In 2008, Brian had the opportunity to work with another former coach from his Newcastle days when Toronto boss John Carver attempted to bring him to the MLS.

"The move to the MLS was very close to happening, yeah, we’d almost agreed terms. Toronto was a new franchise in the MLS but there were a lot of rules around transfers and non-American players and there was a bit of miscommunication about international clearance and my contract wasn’t signed in time. I came back home with a view to trying the deal again in the January but it never materialised as I ended up signing a short-term deal in the new year to play under Terry Butcher at Inverness until the end of the season."

Inverness were relegated at the end of the season and Brian signed for Dundee just prior to the 2009/10 season but had his contract terminated in October 2010 when the club went into administration.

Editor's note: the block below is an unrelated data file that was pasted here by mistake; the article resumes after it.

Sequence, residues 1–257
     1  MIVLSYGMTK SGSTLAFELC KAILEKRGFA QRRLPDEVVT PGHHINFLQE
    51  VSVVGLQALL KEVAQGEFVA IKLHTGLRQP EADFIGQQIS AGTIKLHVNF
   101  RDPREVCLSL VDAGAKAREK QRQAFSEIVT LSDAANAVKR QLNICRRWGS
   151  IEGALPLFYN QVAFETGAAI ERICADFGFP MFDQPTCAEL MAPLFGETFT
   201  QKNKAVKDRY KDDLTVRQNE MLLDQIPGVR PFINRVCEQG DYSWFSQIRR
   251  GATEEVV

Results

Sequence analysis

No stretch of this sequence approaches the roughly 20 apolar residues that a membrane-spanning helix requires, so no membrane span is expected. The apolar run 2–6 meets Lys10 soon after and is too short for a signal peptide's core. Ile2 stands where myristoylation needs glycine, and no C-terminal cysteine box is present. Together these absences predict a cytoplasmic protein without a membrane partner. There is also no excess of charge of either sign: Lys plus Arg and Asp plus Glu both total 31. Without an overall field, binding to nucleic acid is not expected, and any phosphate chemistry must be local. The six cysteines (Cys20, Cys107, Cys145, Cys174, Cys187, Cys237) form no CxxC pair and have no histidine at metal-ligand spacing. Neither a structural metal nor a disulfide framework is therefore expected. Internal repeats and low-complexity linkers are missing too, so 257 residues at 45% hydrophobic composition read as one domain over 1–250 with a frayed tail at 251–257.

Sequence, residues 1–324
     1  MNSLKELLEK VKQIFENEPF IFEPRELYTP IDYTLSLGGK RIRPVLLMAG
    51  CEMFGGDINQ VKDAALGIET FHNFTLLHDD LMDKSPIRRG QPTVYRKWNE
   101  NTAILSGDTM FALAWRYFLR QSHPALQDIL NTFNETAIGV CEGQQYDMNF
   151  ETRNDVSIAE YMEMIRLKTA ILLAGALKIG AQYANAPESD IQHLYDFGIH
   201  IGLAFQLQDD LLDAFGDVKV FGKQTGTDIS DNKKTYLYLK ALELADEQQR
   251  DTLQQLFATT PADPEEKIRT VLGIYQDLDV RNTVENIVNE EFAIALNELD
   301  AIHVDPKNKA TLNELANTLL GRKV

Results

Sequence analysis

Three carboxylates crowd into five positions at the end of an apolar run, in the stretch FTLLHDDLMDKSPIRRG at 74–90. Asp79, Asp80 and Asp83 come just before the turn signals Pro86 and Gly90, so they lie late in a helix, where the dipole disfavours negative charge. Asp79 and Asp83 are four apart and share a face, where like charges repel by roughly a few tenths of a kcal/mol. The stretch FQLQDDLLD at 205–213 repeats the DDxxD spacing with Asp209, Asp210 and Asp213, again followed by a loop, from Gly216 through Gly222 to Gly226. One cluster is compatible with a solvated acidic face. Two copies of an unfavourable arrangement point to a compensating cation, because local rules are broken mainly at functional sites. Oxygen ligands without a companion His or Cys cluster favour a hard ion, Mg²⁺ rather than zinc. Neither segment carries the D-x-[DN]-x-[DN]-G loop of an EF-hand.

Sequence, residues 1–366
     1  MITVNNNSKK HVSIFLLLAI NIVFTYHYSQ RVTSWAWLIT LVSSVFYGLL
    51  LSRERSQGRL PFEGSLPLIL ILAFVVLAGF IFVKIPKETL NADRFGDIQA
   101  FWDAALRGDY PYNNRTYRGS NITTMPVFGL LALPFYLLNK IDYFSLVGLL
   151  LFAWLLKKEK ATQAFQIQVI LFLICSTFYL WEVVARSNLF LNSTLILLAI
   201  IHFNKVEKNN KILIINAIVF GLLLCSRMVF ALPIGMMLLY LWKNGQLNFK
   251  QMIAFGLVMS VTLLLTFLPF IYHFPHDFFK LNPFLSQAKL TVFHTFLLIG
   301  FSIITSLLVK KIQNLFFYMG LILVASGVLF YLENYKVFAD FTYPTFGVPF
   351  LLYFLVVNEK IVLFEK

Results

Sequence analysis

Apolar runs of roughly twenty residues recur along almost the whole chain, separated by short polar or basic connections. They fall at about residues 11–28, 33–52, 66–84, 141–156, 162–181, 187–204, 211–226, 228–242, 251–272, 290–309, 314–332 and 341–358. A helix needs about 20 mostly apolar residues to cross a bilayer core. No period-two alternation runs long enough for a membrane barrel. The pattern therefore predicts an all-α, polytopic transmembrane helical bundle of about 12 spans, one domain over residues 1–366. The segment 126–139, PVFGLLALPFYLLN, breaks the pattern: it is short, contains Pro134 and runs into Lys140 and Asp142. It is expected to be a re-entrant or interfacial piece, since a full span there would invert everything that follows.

"It was a tough time. We were going great and everything seemed to be flying, I had a three year deal and we were having a real go at getting to the Premiership. The team looked good and we were sitting twelve points clear at the top of the league. We then lost a couple of games and had a bad spell over the winter and they sacked the manager, who was still top of the league. It hit the team really hard as we all had a tight link and bond with him and it really deflated the dressing room.

We ended up finishing second to Inverness and, from that moment, everything seemed to spiral out of control at the club. We started hearing things about financial problems and the administrators came in and pretty much had to chop half of the squad. They made it clear that anyone who was on half-decent wages was in real jeopardy of not being there any longer. Colin McMenamin, who’d also been at Newcastle, was there at Dundee as well and both of us had our contracts terminated.